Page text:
There’s an intruder in Linda Jones’s apartment. She thinks she’s entitled to a refund from Booking.com for the inconvenience. But you will never — not in a million years — guess how this case resolves.
Her problem is about more than travel safety and corporate intransigence. It’s about the power of a single word. In this case, it’s an email address. (Reprint from Oct. 2019) Read more “There’s an intruder in my apartment. Do I deserve a refund?”
Francis Popiel recently fell for an imposter booking site and now he wants his money back.
Although he booked the right hotel, he found it by Googling “Holiday Inn Alexandria.” Instead of taking him to the official hotel site, the search results led him to a third-party company called Guestreservations com.
And that’s where all his problems began. Read more “How can I get my money back from an imposter booking site?”
After coronavirus recently closed the ski resort Linda Huber planned to visit, she asked for a refund of her Vail Epic Pass. The answer she received from management left something to be desired. Can we help? Read more “The coronavirus closed the ski resort, so where is my refund?”
An internet prowler recently snagged Goldie Min in a costly vacation rental scam by luring her off the Vrbo site to pay a $500 deposit. This scammer was so savvy that Min didn’t even realize she had been led away. But when Vrbo canceled her rental and informed her the listing was a sham, Min was jolted into reality. Read more “How to easily avoid a costly vacation rental scam”
Has coronavirus put an end to your upcoming travel plans? If so, you’re probably wondering if you should ask for a refund or reschedule your canceled vacation. That’s the difficult choice many travelers face right now.
Here are a few expert negotiation strategies to help you recoup the value of your canceled vacation. Read more “Should you ask for a refund or reschedule your canceled vacation?”
After she was seriously hurt on vacation, Molly Brooks made a giant, but not uncommon, travel insurance mistake. She left the rural Mexican hospital where she received pricey emergency services and flew home without any documentation of treatment. Her only evidence of hospitalization was a non-itemized $6,000 credit card receipt. As could be expected, this lack of documentation presented an insurmountable problem when she filed her travel insurance claim.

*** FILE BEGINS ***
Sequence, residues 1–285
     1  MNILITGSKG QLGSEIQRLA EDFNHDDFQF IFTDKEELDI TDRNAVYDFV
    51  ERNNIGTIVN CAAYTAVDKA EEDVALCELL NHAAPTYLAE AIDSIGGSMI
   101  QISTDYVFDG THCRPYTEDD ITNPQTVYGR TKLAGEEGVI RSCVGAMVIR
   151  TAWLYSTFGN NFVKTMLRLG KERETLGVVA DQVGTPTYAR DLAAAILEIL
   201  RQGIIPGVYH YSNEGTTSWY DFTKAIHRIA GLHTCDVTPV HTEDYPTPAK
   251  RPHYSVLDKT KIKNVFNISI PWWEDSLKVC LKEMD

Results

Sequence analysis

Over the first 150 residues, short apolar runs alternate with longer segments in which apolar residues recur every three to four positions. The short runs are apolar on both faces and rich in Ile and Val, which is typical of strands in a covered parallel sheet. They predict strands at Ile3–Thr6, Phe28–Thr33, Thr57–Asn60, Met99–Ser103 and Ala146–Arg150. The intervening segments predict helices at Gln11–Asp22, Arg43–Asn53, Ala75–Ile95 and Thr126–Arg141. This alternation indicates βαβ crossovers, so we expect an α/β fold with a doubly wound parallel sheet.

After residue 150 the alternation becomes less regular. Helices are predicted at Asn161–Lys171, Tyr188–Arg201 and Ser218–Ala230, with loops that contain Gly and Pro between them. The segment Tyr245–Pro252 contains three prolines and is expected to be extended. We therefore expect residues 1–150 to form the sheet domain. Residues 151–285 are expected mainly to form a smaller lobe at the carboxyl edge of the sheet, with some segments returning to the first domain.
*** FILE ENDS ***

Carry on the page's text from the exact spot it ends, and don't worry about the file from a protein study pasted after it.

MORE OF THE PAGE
A year later, her injuries have healed, but Brooks is still fighting a battle with her travel insurance company. Now she wants the Elliott Advocacy team to help get her $6,000 travel insurance claim approved. But can we? Read more “Hurt on vacation? Do not make this travel insurance mistake”
When coronavirus concerns cause Patricia Fuja to cancel her West Coast tour, she tries to get a refund from her tour operator. But why is it taking so long? Read more “Coronavirus concerns made me cancel my tour. Where is my refund?”
Reselling hotel reservations on third-party marketplaces, like Cancelon, seems to be a new, thriving industry. But while you might be able to buy someone’s hotel reservation at a discount if they can’t use it, should you?
Veronica Rose’s recent battle to recoup $955 that she lost to a hotel reservation resale fiasco through Cancelon should give you pause. Read more “This is how to buy someone’s hotel reservation (and lose $955)”
Could you be charged for extra days even if you return your rental car on time?
That’s the dilemma that faced this traveler. She returned her rental car and then dashed off to catch her flight home. Somewhere along the way she misplaced the return receipt for the car. That oversight became an expensive headache days later when the rental agency sent her an updated bill containing charges for two extra days.
Can the Elliott Advocacy team help sort out this confusion and get her money back? Read more “Help! The car rental company charged me for extra days!”